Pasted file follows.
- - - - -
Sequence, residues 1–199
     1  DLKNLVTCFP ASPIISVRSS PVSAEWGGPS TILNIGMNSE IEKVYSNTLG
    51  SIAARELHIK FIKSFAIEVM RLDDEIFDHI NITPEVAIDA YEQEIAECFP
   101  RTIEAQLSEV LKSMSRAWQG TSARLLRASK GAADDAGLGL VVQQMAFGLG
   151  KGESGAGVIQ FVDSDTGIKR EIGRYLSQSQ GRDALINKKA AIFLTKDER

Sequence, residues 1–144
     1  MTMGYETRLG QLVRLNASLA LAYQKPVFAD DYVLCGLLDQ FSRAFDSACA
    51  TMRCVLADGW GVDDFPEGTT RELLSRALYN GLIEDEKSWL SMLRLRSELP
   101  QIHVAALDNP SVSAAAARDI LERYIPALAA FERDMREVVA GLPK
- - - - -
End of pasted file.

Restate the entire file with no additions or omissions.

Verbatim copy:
Sequence, residues 1–199
     1  DLKNLVTCFP ASPIISVRSS PVSAEWGGPS TILNIGMNSE IEKVYSNTLG
    51  SIAARELHIK FIKSFAIEVM RLDDEIFDHI NITPEVAIDA YEQEIAECFP
   101  RTIEAQLSEV LKSMSRAWQG TSARLLRASK GAADDAGLGL VVQQMAFGLG
   151  KGESGAGVIQ FVDSDTGIKR EIGRYLSQSQ GRDALINKKA AIFLTKDER

Sequence, residues 1–144
     1  MTMGYETRLG QLVRLNASLA LAYQKPVFAD DYVLCGLLDQ FSRAFDSACA
    51  TMRCVLADGW GVDDFPEGTT RELLSRALYN GLIEDEKSWL SMLRLRSELP
   101  QIHVAALDNP SVSAAAARDI LERYIPALAA FERDMREVVA GLPK